Her work shortlisted for the Samuel Johnson prize dinner, Stephanie is announced as the outright winner. Despite her triumph, Stephanie remains adamant that she has lost and that her ex-lover, another nominee, has in fact won. Pilger’s characters, and their bonkers perversions, are maybe not quite so bonkers; now and then they reveal far more sensitive truths. For Stephanie explains her illogical conviction: ‘the voice telling you you’re shit is a self-fulfilling prophecy … That thing inside of me will never go away.’

The dinner itself is another set-piece treat. Literary pseuds experience ‘the joy of being a liberal.’ A book dedicated solely to the Elizabethan use of ceruse is discussed:

‘His insights on red and how it is not what we think it is and Elizabethan purity more generally were really startling.’
‘Startling how?’
‘They were just really startling to me.’

Clubbism, egotism and puffery get skewered in this book and it feels good. In fact, when turning the spotlight on the less extreme actions of her characters (excrement-smearing, date-assaulting, little-boy-kicking, wine-bottle smashing, self-suffocating, glass-lacerating) and more on their foibles and sadnesses, Pilger is at her best. Here is the description of the undergraduates at Ann-Marie’s former Cambridge college:

Girls who looked stricken, traumatised, raped, weird, mad, old before their time, drifted past. Girls who had given up on men by the age of eighteen. Girls with death in their eyes. Girls with bunches at the age of eighteen. They were not ironic bunches; they were just bunches. The place reeked of arrested development and chronic perfectionism.

There is always humour in this book, but I sometimes felt there was a tenderness that wanted to emerge, too. Or else that was just me, battered by the nihilism, craving a moment of sentimentality, to be happily manipulated, to be promised a fairytale ending. In short, I started to want a rom-com. Take from that what you will.

Ann-Marie, on the other hand, often thinks about killing – herself, other people. Eat My Heart Out is a picaresque, consequence-free, breakneck romp. Turning up late for things gets you a £5000 cheque. Does Ann-Marie really bank it in an ISA, as she claims, or is this just another in a litany of lies? Pilger seems uninterested in her morals. Everyone’s playing at fantasy in this book – Stephanie Haight betrays herself with at least two very different versions of her childhood and education, and the lascivious old widower so enraptured with the jouissance of a French girl called Camille (really Ann-Marie), turns out to live with his nice wife in a retirement village in North Greenwich.

Zoe Pilger’s first novel lays waste to all pretensions, and any attempts by others to impose their will. Ann-Marie can be monstrous, and other monstrous people tell her so, and thus the circle continues. Pilger sends Ann-Marie and her acquaintances up so hard that they can probably feel her fountain pen pushing the top of their skulls. The book is at times incredibly funny - the man who burned his face answering the iron thinking it was the phone, because he couldn’t multitask? - but it always resists interpretation. The main drive of the book, Stephanie’s attempt to open Ann-Marie’s eyes to the tyrannies and glories of being a woman, is presented as a failure. Dogma, however much it has achieved, cannot win.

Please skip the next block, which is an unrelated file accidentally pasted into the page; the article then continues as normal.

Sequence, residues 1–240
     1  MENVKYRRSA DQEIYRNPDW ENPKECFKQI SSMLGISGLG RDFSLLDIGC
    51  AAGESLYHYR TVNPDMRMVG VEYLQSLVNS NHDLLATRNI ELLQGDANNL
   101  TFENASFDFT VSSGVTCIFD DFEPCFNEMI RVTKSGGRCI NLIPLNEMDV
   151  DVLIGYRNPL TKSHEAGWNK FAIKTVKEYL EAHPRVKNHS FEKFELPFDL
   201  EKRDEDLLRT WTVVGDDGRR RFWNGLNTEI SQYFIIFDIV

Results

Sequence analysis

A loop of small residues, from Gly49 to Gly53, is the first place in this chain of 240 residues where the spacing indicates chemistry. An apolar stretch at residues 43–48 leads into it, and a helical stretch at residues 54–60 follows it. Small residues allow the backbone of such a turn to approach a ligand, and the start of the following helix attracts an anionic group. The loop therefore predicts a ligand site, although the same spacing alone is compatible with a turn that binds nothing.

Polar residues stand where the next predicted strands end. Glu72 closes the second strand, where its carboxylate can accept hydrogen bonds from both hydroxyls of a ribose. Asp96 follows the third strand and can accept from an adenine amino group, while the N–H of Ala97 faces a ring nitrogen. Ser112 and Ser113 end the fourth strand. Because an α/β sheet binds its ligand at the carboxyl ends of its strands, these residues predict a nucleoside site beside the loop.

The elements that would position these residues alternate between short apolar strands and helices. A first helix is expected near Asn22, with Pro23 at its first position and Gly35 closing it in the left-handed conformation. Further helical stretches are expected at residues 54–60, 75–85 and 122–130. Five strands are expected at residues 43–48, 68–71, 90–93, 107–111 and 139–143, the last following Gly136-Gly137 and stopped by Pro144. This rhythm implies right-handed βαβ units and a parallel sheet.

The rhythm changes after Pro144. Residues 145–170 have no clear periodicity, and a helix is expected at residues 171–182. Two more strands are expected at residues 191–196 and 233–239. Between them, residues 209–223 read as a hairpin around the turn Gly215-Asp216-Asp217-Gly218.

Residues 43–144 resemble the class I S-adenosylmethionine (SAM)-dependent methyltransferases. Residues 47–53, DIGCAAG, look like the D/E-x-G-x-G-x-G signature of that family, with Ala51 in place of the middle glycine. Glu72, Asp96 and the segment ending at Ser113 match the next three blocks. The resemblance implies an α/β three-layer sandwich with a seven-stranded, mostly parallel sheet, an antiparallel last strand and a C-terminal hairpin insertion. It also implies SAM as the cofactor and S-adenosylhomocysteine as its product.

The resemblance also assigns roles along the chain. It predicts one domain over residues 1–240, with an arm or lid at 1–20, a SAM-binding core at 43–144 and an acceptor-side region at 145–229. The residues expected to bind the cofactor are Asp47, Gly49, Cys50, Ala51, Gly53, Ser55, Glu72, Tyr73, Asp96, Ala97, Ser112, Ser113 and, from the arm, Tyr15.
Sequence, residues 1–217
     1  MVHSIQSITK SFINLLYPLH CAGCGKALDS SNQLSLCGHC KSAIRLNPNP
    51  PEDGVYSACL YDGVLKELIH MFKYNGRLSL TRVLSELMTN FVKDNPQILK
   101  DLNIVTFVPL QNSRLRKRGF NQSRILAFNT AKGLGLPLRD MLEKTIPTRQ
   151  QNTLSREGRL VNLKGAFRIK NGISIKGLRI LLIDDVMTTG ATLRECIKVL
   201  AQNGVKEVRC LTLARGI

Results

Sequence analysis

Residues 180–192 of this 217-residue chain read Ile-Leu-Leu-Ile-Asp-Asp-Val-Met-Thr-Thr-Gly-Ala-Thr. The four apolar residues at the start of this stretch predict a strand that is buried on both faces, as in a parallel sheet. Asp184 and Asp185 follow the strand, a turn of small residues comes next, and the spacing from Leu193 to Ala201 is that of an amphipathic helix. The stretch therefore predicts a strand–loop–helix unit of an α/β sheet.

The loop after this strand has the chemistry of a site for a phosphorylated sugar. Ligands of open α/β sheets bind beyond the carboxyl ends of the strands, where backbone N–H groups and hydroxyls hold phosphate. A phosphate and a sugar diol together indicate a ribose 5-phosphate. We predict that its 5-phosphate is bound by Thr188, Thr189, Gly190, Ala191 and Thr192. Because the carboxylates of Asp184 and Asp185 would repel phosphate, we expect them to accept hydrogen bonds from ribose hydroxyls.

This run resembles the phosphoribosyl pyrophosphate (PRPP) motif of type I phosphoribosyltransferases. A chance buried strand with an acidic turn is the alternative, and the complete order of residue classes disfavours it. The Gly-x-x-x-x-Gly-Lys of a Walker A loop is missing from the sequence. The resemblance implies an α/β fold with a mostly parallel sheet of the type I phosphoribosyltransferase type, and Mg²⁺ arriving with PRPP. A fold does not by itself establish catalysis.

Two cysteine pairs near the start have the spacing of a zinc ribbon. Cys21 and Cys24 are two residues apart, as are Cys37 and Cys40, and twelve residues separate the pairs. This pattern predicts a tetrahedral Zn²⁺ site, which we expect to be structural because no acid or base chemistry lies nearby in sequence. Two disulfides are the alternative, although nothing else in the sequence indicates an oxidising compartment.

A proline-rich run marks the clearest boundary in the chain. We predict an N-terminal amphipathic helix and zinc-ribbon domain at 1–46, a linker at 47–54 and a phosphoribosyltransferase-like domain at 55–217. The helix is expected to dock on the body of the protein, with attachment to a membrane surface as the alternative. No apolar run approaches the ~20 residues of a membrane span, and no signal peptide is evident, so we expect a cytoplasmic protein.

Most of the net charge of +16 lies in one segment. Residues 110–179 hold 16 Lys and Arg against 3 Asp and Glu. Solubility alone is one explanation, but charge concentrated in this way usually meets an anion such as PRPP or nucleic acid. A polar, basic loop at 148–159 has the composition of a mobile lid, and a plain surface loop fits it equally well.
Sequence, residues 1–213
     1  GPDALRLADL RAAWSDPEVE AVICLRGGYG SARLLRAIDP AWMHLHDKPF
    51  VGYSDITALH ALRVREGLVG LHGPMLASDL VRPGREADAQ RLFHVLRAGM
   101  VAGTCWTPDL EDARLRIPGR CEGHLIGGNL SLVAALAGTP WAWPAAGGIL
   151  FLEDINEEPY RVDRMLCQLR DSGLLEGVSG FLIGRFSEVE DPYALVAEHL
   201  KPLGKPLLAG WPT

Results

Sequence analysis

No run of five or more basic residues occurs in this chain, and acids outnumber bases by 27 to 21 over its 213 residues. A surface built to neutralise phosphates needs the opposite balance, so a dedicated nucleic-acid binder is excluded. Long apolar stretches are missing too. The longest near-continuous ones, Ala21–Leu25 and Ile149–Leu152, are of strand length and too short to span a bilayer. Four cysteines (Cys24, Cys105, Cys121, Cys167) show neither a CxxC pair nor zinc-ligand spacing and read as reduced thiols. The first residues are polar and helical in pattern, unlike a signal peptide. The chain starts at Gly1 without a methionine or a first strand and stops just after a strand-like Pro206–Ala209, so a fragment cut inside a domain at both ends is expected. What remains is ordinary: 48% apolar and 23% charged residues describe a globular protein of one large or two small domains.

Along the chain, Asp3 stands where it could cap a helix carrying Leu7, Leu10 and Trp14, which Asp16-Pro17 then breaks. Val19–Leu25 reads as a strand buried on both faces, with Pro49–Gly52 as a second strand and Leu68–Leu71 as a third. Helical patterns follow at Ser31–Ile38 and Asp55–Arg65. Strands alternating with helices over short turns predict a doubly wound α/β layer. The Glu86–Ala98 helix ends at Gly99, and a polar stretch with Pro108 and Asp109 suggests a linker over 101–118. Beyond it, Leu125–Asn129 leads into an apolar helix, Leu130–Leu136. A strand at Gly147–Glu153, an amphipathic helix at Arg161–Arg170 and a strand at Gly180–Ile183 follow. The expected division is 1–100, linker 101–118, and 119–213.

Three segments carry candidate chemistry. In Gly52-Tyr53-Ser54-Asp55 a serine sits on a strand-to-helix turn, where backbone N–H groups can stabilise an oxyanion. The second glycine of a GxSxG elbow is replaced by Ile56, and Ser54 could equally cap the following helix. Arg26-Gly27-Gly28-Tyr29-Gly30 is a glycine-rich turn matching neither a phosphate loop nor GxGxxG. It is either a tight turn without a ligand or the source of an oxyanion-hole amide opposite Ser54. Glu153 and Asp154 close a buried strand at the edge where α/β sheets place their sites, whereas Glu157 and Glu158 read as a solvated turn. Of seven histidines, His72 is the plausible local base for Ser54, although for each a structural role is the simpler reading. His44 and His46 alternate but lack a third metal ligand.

The theory that the grand old feminist uses as a garland has turned into an albatross. Stephanie, ruined by love, thus ruins in her turn, and can write no better treatise on the state of womanhood than Ann-Marie’s Beyoncé-loving, education-sapping current blank page of Third Wave feminism. But it is Ann-Marie, discussing her ex-boyfriend, who articulates the most general cry of womankind down the ages:

‘You lost him because you wanted to be like him. To be better than him.’
‘I wanted to be equal to him,’ I shouted.
‘You wanted to be the same as him.’
‘No!’ I shouted. ‘Equal!’

All theories are a bit duff, because they are so hard to live in real life. We are so fractured these days, so intersected, so individual, that we disappear into ourselves thinking we are all together. But at least the call for equality still stands, and Pilger’s heroine calls for it.

There is love in the book (whatever that means – in this instance, perhaps it’s something like a durable companionship) – but it belongs to another generation. Ann-Marie’s mother is not Stephanie Haight – she seems to have ‘fallen’ for someone rather decent, though her daughter barely realises this happiness for what it is. Regardless, Mrs Ann-Marie is described as looking better than she has in years, and I was relieved to discover her within these pages, not because of the love of a man (or loving a man) has improved her looks, but because she represents the better part of muddled mating. When you’ve got prize-winners like Stephanie Haight convinced that they’ve lost, and girls running crazy for boys who’ve done nothing to deserve it, it’s almost like Pilger knows a reader’s got to cling to something.
Jessie Burton studied at Oxford University and the Central School of Speech and Drama. Her first novel, The Miniaturist, is to be published in July 2014 by Picador.